Bookish, List, Spotlight

Childhood Favorites: Books I Loved

Happy Tuesday, reader friends! Once again, we’re linking up with That Artsy Reader Girl for Top Ten Tuesdays & the topic this week is Childhood Favorites! I’ve organized these in the order I first read them (to the best of my recollection).

We rarely had pets in our home so I could always relate to Emma’s Pet. Of course, I ended up wishing for a big ol’ teddy bear just like Emma’s daddy but marrying one was a good substitute! My kids have a copy of Emma’s Pet on their shelves.

I read the American Girls Collection when there was just Felicity, Kirsten, Samantha, and Molly. I never wanted the dolls but I always wanted more books! I’m delighted that my daughters especially can still read about these girls and more!

Sarah, Plain and Tall was probably my first mail-order bride story (way before I even knew that was a thing) and I still love that romance trope! I’ve also passed Sarah down to my kids but I didn’t know there were so many books in the series! I need to remedy that!

Perhaps my fascination with tiny houses can be blamed on several installments of The Boxcar Children. I know I didn’t read all of them but I was always impressed by the way the kids worked together despite the occasional sibling dispute.

 

Where the Sidewalk Ends is an essential pick for every kid’s home library! Silverstein’s timeless humor intices even the most reluctant reader and his illustrations are just as charming as his whimsical and lyrical prose.

I still remember my fifth-grade teacher reading Daddy Long Legs aloud one chapter at a time to the class. Of course, I read and reread the story time and again since we all had our own copy and I’ve never been able to put a good book down.

Island of the Blue Dolphins appealed to me because I have always craved solitude and sharing a room with a younger sister means rarely achieving that state! So, I did what I do best, find a quiet corner and escape into the pages of a book!

The wildness of Alaska has always appealed to me (at least in story form) and Julie of the Wolves was my first taste of that frozen wilderness. Self-reliance and a connection to nature make this story an unforgettable reading experience.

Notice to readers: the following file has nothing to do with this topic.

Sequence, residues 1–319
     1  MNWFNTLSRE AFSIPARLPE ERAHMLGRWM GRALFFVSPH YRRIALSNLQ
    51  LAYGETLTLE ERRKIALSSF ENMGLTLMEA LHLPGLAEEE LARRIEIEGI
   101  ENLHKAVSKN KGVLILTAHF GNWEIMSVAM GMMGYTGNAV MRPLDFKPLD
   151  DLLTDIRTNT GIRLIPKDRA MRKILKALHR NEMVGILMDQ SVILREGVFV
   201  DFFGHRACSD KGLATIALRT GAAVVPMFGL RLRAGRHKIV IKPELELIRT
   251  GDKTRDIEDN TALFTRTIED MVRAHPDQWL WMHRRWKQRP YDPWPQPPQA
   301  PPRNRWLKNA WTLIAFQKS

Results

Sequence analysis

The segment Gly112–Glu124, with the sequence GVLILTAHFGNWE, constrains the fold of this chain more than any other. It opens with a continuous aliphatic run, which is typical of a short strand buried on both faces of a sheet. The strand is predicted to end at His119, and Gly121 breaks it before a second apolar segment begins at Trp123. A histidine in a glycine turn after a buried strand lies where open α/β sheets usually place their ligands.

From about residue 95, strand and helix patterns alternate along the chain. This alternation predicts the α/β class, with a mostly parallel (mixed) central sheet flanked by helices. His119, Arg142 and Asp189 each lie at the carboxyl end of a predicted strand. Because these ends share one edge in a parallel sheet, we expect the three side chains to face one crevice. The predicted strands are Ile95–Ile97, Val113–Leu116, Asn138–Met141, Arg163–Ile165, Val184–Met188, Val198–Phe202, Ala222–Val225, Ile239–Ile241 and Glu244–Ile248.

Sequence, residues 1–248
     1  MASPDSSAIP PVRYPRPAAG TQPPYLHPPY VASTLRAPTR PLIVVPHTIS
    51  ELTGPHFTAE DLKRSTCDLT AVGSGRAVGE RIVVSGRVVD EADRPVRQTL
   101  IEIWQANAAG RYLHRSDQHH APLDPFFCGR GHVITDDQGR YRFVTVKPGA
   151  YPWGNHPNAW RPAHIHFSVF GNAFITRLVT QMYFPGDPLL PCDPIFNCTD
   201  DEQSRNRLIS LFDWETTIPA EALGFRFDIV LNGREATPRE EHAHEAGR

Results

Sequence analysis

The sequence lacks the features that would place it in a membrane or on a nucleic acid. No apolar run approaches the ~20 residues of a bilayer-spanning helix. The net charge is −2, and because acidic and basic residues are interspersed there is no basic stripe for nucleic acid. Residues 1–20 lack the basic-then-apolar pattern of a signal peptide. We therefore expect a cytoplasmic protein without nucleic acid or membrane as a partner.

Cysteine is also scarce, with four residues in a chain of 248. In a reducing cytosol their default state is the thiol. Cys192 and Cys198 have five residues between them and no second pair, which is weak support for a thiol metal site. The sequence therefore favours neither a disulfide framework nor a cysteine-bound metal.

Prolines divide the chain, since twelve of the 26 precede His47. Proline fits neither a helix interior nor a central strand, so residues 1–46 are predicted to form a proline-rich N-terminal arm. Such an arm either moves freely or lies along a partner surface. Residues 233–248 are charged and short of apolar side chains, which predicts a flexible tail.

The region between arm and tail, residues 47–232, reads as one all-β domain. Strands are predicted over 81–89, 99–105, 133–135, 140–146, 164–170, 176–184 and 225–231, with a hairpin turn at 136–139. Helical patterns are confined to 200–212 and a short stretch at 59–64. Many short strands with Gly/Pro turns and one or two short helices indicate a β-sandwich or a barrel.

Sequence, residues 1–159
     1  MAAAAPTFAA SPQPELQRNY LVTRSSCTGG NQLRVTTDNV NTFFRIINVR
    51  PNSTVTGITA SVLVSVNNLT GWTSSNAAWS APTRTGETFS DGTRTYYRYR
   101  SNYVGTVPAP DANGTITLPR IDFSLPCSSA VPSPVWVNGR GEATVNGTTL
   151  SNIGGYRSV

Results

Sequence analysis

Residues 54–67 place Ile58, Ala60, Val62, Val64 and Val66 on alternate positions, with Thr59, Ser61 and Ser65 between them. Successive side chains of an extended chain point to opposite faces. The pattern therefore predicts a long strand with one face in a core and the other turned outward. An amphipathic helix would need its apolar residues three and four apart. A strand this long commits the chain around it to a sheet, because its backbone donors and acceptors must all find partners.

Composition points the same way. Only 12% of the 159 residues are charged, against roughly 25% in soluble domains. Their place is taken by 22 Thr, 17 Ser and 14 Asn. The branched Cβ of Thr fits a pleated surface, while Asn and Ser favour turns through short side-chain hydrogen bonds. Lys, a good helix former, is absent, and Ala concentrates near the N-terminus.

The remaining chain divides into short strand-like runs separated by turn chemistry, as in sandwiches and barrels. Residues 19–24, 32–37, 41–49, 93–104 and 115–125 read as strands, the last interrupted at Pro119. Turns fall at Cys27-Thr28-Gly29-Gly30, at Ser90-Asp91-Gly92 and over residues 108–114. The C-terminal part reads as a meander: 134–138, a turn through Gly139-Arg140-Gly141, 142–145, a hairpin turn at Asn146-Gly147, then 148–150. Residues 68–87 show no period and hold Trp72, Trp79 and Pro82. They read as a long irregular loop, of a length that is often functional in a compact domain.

I literarily spent years in the Sweet Valley universe and I sped through those series long before I was mature enough for the content of the high school/young adult editions! Even at the tender age of ten, I loved big books and I still remember reading the Sagas every chance I got until the last page!

I’ve often declared my fondness for Anne so I’m sure y’all aren’t surprised to see her here! My first taste of this series was thanks to the interlibrary loan system through my little hometown library but I loved the stories so much that I bought all eight Anne of Green Gables books! No small feat when there are no bookstores within bicycling distance.

 

What are some of YOUR childhood favorites, reader friends?!

18 thoughts on “Childhood Favorites: Books I Loved”

  1. Anne of Green Gables has long been a favorite of mine! In fact, my love for the series is also due to my childhood days and a library summer reading program! One particular summer, they allowed me to choose a free book each month, and that was how I began my collection. And I love, love the fact that my daughters currently also enjoy the series with me.
    I also loved those American Girl books.
    Thanks for sharing this! 🙂

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  2. Talk about a walk down memory lane! Boxcar Children were easily my favorites but I also loved the American Girl stories and Little House on the Prairie.I love the Anne of Green Gables books but I was actually an adult when I first read them

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  3. “Perhaps my fascination with tiny houses can be blamed on several installments of The Boxcar Children.” — You know, I also loved this series and am fascinated by tiny houses. You may be on to something… At the very least, this definitely encouraged my “playing house” as a kid. Which was considerably aided by the fact that my dad added a window to an old woodshed in our yard and turned it into a playhouse.

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